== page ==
Kevin Bourrillion, one of the creators of Guice, has written an excellent post on the subject of typesafety.
There's a seachange going on right now in the Java world that is taking Java, in some sense, in /exactly the opposite direction/ that people championing dynamic languages might expect. With language innovations like generics and annotations, we can now express so much more in a typesafe way, and get so many more benefits from static code analysis.
In pre-JDK5 days, we worked around the lack of support for a declarative mode of expression by embracing XML for all kinds of tasks, and convincing ourselves that this was a good thing: we were supposedly making our system more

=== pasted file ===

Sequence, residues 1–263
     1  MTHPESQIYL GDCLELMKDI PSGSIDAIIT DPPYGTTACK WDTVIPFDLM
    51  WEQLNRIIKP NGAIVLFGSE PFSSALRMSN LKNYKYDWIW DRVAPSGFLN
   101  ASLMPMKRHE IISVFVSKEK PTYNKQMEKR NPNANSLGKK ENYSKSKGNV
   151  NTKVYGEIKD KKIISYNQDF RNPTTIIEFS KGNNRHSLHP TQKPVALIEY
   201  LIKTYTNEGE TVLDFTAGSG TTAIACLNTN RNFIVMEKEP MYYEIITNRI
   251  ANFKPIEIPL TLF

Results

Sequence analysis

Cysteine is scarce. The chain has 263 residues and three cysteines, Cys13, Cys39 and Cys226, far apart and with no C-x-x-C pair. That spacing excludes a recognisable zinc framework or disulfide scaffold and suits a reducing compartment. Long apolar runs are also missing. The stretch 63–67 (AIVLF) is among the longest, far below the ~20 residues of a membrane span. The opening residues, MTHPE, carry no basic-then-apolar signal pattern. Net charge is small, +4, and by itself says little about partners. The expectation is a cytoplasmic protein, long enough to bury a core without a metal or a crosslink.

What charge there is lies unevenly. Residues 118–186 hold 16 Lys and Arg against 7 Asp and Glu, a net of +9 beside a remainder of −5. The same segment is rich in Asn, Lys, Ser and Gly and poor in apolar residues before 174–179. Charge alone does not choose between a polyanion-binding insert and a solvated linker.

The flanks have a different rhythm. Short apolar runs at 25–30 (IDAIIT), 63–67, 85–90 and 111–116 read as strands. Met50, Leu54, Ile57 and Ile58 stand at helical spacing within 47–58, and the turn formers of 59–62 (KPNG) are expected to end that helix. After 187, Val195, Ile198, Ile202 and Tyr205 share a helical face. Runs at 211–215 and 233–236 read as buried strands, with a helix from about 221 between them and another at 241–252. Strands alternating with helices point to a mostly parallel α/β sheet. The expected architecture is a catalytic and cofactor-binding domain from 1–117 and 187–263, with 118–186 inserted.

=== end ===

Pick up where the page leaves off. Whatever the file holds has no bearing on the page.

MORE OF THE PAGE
configurable. But, of course, we've now realized that XML is just code - or rather, that /code is just text/. And we've realized that by making too many things
configurable, we merely make our system easier to break, and more difficult to change in meaningful ways. Our obsession with
configuration crippled our refactoring tools.
The challenge now is to marry dynamic behavior with this new, typesafe, mode of expression, proving that systems that can be understood through static analysis need not be /too static/; that we need not pay for precision with tight coupling and verbosity.